A Series of Doors
Young people talking about the experience of poverty
In our work on poverty we have been struck by the extent to which the voices of children and young people continue to be excluded from debate about their experience. Much of the extensive current literature on child and family poverty is of high quality, pertinent and incisive, but comparatively little of it presents the voices of first hand experience; it is an expert literature, rather than an experiential one.
In winter 2012-2013, Breslin Public Policy was commissioned by the Office of the Children’s Commissioner for England (OCC) to organise a participative event for children and young people in poverty. This was part of the OCC’s work on child poverty and was planned with the support of the Child Poverty Unit (CPU) to listen to, and learn from, children and young people talking about what poverty means to them.
The event took place in February 2013. Thirty-seven children and young people attended from various parts of the country, aged between eight and 22 years. Together with OCC we were able to recruit a group of participants with wide-ranging experiences of poverty, and give them the opportunity to reflect on the issues. They were thoughtful, articulate, provocative and insightful. We submitted a report to the OCC from this event and this contributed to the OCC’s submission to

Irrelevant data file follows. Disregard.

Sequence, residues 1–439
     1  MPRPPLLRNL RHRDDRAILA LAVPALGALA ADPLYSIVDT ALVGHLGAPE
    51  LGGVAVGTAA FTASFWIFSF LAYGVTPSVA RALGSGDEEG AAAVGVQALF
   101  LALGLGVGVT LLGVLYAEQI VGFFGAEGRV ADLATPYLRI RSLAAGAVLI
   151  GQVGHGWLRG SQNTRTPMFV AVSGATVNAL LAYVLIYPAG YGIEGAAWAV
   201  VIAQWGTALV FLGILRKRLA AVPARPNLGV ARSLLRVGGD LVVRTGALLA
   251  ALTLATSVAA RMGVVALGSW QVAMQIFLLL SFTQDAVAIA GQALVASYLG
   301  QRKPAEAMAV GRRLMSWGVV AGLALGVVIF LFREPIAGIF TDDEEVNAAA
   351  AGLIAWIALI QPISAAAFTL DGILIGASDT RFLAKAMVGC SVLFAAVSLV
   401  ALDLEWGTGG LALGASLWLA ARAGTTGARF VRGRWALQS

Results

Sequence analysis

government on the measurement of child poverty.
Our full report provides more detail and context, and explains the methodology. This paper has been funded by Breslin Public Policy and is based on the work undertaken for OCC. It is not, however, part of any formal consultation process. Rather, it delivers on our commitment to the young people, and the supporting adults who accompanied them, to place their views and comments in the public domain. We have tried to do this authentically. To this end, while we are responsible for the section headings (Money, Access to services, Education, Employment, Community and home life, Aspirations, Access to transport, Networks), we have minimised the level of editorial comment and resisted the temptation to offer recommendations.
We have used direct quotations as recorded by stewards at each table during the event, together with some statements collectively agreed during plenary. In addition, we include written contributions made by the participants during a specially designed workshop activity on the day. The exercise required the participants to invent a character who faced a crisis, and to describe what happened to the individual as a consequence. The comments are not any less valid or powerful for being fictionalised. In several cases it would seem that real fears, and even perhaps personal experiences, were expressed which might not have emerged in straightforward conversation.
We wish to thank the staff at the OCC for their tireless support throughout this project. Our chief debt of course is to the young people who contributed to the process in an inspiringly positive and participative spirit: it was a privilege to work with them. Their energy and honesty deserves close and sincere support from all who have the power to help make a difference to their lives.